Gentle parenting doesn't mean not teaching right or wrong. Think of it as teaching not to put hands and toys in toilet bowl, waiting for the green man before crossing the street and so on. Discipline doesn't mean punishment . You teach acceptable behaviour .
When he does a wrongful act, like pulling hair, biting or anything like that. You stand up, or put him down if he is in your arms, and you say "no" . doesn't have to be a loud voice, or angry voice, but decisive . You will have to find what works for you and him. I used to put my children on floor and turn my back on them. They got the opposite of attention.

Mixmag Wed 31-Mar-21 09:45:34

I agree with the last post, I would also make a point of saying in a low loud and very stern voice “no, you do not bite mummy that is not kind,no!” And then immediately turn your back on him. And praise all the time for good behaviour and lots of cuddles! Let us know how you get on x

SeaSandSunshine Wed 31-Mar-21 11:15:53

Thank you @Cormoran , really good points, especially re discipline / punishment. That will absolutely change my approach. He's definitely being taught right and wrong behaviours and we are quite firm with "No" and "Don't" - for example, he knows he now knows he isn't allowed in the bathroom and won't touch radiators etc. That's why I don't understand why nothing we do works with the hair pulling and biting.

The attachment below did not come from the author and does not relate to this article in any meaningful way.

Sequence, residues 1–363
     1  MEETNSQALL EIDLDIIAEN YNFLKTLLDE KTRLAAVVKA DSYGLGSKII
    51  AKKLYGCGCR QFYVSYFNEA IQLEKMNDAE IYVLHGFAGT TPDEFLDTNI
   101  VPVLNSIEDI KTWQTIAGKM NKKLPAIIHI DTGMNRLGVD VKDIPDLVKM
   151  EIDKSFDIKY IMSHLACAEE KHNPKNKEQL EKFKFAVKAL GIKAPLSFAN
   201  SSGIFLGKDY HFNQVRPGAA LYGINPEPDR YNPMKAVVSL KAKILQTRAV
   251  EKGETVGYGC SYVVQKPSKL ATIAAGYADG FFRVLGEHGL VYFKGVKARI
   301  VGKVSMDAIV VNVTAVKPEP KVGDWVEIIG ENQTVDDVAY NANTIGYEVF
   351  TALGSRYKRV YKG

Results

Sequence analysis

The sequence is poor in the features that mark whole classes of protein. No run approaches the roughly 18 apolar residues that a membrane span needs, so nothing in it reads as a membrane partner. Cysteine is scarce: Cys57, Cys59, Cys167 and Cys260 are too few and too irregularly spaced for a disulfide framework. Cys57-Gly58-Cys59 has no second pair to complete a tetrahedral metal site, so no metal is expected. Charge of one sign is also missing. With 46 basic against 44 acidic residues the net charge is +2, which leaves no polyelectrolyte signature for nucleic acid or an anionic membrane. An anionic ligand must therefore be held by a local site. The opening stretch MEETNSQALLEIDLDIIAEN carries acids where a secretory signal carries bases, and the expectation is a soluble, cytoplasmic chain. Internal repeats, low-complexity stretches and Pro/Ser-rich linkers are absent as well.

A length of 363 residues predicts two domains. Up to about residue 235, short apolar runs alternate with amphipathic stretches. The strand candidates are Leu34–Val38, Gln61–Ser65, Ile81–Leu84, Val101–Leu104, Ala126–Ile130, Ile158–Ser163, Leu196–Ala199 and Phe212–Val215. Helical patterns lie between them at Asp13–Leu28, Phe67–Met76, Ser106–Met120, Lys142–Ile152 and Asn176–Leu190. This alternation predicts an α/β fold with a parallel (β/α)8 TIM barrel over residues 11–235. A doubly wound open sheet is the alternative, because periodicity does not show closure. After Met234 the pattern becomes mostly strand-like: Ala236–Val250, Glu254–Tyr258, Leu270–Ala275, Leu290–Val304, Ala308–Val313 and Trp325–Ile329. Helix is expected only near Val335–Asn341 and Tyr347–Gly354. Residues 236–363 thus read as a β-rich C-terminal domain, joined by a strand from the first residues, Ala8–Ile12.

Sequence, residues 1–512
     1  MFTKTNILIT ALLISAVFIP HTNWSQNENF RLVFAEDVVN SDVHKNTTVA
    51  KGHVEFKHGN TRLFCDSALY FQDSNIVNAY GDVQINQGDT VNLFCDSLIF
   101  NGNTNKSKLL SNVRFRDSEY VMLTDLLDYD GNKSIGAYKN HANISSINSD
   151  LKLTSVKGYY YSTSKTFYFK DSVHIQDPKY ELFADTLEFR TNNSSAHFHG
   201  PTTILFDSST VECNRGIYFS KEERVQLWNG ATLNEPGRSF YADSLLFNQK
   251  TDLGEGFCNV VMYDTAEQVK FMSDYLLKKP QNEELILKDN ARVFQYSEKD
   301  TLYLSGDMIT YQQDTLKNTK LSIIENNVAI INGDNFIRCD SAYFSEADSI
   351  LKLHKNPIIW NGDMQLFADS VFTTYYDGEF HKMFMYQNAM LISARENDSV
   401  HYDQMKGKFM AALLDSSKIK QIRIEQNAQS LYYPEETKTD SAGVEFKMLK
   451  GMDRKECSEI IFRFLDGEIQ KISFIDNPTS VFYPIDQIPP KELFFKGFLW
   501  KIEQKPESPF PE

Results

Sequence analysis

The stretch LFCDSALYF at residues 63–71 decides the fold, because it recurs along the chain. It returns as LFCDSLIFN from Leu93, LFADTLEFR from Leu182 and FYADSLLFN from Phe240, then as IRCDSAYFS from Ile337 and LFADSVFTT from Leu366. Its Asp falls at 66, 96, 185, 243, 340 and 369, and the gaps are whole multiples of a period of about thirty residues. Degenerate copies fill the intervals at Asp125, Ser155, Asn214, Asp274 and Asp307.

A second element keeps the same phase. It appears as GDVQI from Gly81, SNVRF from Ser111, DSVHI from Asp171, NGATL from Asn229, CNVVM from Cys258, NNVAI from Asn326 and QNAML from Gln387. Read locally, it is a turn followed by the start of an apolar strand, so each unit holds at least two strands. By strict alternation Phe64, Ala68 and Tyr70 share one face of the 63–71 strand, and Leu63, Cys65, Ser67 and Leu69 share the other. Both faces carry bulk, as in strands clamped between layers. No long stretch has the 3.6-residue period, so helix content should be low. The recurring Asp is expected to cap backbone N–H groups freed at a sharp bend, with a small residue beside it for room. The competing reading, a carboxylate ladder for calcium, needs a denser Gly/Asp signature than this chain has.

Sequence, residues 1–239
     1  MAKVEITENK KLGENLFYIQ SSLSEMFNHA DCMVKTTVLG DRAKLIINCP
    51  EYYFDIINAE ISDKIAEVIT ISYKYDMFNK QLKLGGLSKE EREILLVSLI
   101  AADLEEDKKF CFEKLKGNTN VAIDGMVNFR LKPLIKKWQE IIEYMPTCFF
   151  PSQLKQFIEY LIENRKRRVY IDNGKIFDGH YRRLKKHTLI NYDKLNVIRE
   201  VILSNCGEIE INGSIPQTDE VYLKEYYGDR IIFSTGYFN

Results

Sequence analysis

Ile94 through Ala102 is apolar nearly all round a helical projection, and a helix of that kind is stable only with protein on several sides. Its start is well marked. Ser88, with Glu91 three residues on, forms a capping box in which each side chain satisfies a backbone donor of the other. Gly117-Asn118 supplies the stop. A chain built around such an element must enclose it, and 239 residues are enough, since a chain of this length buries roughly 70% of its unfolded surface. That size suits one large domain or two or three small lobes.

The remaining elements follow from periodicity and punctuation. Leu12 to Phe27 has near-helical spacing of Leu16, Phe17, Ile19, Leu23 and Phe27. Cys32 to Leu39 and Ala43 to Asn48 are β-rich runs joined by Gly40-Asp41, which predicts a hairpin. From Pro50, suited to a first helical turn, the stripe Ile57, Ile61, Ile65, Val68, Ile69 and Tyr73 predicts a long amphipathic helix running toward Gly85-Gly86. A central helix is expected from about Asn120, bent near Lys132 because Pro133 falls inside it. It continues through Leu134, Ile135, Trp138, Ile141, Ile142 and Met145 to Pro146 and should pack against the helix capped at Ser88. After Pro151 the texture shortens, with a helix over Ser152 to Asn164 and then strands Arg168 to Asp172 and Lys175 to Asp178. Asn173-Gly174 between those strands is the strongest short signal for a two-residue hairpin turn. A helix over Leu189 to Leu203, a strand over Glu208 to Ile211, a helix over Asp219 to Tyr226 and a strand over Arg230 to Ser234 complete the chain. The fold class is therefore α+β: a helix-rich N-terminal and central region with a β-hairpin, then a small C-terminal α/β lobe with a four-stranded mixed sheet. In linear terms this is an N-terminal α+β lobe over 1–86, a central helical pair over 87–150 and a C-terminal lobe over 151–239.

I only mentioned gentle parenting (maybe it's not even relevant actually and i don't even think we follow it to the letter!!) to kind of indicate that we are very much attentive to all his needs, and the biting / hair pulling isn't, or doesn't seem to be an act of frustration or anger. Someone I mentioned this to called it as a "violent behaviour" and I was just a bit taken a back thinking Whoooaaa, he's not a violent kid, that's not what this is about. At least I don't think so! Hope that makes sense smile So I was just trying to give a picture of how things are at home and how we are with him.

OP’s posts: |
SeaSandSunshine Wed 31-Mar-21 11:25:22

@Mixmag - see when I did this, I even pulled a sad face, telling him how much it hurt etc and he genuinely looked like he kind of understood what I was saying, and then 2 minutes later, back at it! So frustrating, I think I definitely need to be more consistent with this and stick to just one method as I made a mistake of reading too much about this and trying to implement every single thing...

OP’s posts: |
Mixmag Wed 31-Mar-21 13:26:13

Good luck lovely, I’m sure it’s just a phase xxx

SeaSandSunshine Sun 04-Apr-21 11:47:01

Quick update. We noticed the last couple of days that he does it more when he is about to get overtired. Thinking back now, I can't believe we missed it, or just never really noticed the timings and connection but it is definitely the worst in the evenings just before bed time, so we have started to move his bedtime a bit earlier and being a bit stricter on daytime naps too. Also being very consistent with the firm "No Biting"s 🤞🤞

OP’s posts: |
Mixmag Mon 05-Apr-21 07:00:26

That’s great news, thanks for sharing, hopefully this can help someone else in the same situation smile

zaffa Wed 21-Apr-21 10:54:01

@SeaSandSunshine DD is 16 m with this exact scenario - was coming on to suggest tiredness. The worst part is she pulls my hair when she falls asleep as she plays with it but is rough and it's so hard to choose between disrupting bedtime or putting up with it! She is a co sleeper and not ready for her own bed without some form of cry it out that I'm not on board with. I try to cry to show pain and she will cuddle me better but isn't completely deterred and I've tried firm no but she laughs at me! How is it going with you?